Harris Cravadale 1984.


Leader:- Steve Paynter

Assistant Loaders:- Alan Tytler, Frank Farnham, Mike Young, Jo Walker, Greg Cotton, Janet Shakespeare, Douglas Warburton, Dave Lock

Members:- Stephen Ashman, Sharon Baldwin, Duncan Ball, Tiffany Bannier, Maria Borg, Philip Bush, Richard Butterworth, Theresa Hill,

Toby Cameron, Alana Lennon, Graham Jackson, Alex Haigh, Cathy Middleton, David Worsdall, Neil Mason, and Cheryl Watson.


This was only the second S.H.S Expedition to visit the north west coast of Harris, the first being led by John Abbott in 1965. That Expedition was also the first full size expedition that the Society mounted to the Outer Hebrides, and our arrival on the same shores in 1984 gave us a unique opportunity to compare the Society as it is today with the Society of 19 years ago.

The site at the head of Loch Cravadale was as ideal for us as it was for John and his crew in 1965. Flat, well-drained machair, lying just above a beautiful stretch of sandy beach and surrounded on three sides by steep ground rising up to over 1000 feet.


The 1984 Harris Cravadale group (23 in photo, 25 on the expedition)

My thanks to  Joanna Burgess (Née Walker) for the photos.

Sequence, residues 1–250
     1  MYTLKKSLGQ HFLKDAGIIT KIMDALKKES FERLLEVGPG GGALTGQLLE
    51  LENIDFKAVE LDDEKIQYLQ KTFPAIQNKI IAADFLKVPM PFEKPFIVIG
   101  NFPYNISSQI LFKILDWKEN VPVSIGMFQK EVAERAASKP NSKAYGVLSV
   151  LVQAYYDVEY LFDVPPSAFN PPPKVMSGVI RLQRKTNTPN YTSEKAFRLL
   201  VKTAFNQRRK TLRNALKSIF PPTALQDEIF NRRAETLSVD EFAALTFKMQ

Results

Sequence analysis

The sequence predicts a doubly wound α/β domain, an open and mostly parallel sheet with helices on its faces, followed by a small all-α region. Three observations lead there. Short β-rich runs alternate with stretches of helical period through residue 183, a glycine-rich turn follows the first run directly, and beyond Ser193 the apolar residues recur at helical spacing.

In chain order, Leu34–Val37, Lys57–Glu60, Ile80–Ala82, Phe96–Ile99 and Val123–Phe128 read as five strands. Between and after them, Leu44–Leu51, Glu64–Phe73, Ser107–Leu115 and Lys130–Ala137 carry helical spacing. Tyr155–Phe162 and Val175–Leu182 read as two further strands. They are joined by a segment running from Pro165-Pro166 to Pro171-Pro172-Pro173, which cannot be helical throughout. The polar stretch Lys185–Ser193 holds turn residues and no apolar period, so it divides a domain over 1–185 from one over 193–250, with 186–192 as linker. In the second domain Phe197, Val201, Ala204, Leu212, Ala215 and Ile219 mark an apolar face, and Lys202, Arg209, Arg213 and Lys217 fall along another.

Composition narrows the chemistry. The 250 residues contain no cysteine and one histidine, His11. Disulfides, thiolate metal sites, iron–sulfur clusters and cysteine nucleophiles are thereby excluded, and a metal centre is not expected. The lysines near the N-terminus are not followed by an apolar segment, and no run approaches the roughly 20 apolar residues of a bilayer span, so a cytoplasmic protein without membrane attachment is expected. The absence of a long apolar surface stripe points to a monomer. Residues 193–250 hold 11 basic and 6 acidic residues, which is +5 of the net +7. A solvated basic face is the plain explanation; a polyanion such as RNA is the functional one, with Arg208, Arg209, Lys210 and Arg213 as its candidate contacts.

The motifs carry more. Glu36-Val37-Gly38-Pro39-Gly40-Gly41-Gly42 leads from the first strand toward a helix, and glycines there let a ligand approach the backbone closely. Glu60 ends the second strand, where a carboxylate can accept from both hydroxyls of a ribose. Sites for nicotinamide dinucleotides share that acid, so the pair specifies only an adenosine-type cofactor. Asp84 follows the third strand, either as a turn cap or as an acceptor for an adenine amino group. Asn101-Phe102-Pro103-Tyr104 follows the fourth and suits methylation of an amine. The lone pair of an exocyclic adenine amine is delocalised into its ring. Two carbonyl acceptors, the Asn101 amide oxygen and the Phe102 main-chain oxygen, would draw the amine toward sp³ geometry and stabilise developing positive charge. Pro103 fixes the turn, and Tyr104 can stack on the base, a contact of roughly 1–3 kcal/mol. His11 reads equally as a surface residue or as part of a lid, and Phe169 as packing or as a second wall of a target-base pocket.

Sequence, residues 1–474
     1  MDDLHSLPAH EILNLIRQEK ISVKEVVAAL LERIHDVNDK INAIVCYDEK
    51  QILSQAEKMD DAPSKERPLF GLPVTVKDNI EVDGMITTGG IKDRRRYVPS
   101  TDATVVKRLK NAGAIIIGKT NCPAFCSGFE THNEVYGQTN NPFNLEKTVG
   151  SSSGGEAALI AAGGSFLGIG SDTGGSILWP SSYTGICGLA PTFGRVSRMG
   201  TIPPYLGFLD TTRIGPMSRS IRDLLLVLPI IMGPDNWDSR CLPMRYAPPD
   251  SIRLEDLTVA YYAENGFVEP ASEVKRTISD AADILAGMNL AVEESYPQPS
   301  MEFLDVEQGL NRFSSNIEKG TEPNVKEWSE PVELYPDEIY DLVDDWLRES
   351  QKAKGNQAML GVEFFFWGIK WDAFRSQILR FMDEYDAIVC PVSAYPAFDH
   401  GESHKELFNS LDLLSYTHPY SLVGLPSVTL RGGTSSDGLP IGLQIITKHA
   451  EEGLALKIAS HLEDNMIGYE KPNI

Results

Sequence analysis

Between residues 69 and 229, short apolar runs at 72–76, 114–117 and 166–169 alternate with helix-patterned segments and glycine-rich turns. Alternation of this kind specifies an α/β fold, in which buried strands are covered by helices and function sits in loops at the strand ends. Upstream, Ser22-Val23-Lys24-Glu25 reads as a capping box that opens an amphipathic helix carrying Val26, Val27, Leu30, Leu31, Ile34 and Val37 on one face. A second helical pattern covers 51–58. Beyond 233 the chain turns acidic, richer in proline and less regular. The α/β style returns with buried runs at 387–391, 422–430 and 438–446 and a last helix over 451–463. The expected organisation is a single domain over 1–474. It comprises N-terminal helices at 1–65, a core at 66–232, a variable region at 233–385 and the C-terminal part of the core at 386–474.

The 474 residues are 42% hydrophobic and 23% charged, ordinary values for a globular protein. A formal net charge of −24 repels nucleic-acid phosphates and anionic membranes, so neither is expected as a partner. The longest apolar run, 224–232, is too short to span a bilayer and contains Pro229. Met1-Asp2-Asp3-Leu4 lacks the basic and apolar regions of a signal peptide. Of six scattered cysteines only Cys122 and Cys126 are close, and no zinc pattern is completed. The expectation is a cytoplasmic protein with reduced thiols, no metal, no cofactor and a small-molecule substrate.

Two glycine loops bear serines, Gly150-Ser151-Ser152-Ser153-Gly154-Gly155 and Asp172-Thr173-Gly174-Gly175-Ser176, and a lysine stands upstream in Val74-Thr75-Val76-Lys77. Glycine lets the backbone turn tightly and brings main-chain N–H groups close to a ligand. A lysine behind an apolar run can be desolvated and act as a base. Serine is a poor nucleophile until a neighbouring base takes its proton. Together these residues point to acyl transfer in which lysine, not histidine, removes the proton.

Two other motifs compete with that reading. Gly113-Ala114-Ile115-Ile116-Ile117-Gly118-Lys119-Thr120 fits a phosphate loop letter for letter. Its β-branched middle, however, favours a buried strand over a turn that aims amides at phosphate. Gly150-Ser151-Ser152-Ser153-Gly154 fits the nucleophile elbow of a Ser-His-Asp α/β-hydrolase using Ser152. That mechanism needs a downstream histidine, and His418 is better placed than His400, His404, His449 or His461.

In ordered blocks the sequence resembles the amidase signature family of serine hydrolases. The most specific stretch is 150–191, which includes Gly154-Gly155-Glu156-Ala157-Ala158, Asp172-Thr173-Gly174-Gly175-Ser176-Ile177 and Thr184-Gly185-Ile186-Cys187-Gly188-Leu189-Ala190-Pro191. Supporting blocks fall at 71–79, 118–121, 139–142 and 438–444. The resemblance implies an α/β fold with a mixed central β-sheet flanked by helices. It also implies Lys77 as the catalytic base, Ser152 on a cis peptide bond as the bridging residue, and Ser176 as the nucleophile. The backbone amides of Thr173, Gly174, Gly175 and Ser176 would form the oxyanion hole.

The Harris 84 Cravadale Group.

  1)Alan Tyler

  2)Mike Young

  3)Dougie Warburton

  4)Neil Mason


  6)Steve Paynter

  7)Richard Butterworth

  8)Dave Lock

  9)Duncan Ball




13)Janet Shakespeare

14)Cathy Middleton


15)Greg Cotton

16)Cheryl Watson

17)Philip Bush


19)Frank Farnham

20)Theresa (Terri) Hill

21)Tiffany Bannier

22)Maria Borg

23)Alana Lennon




Thanks to Tiffany and Jo Burgess for the names so far.


Our equipment arrived on the beach by an unusual yet ideal mode of transport - a landing craft. This had to be the ultimate in expedition on-island transportation and was a fitting climax to a very smooth logistical plan which brought the one-two tons of food and equipment up from England. All that remained was 20 yards of firm, level sand to negotiate on foot between the water 's edge and the site - a mere nothing compared with most S.H.S Expeditions.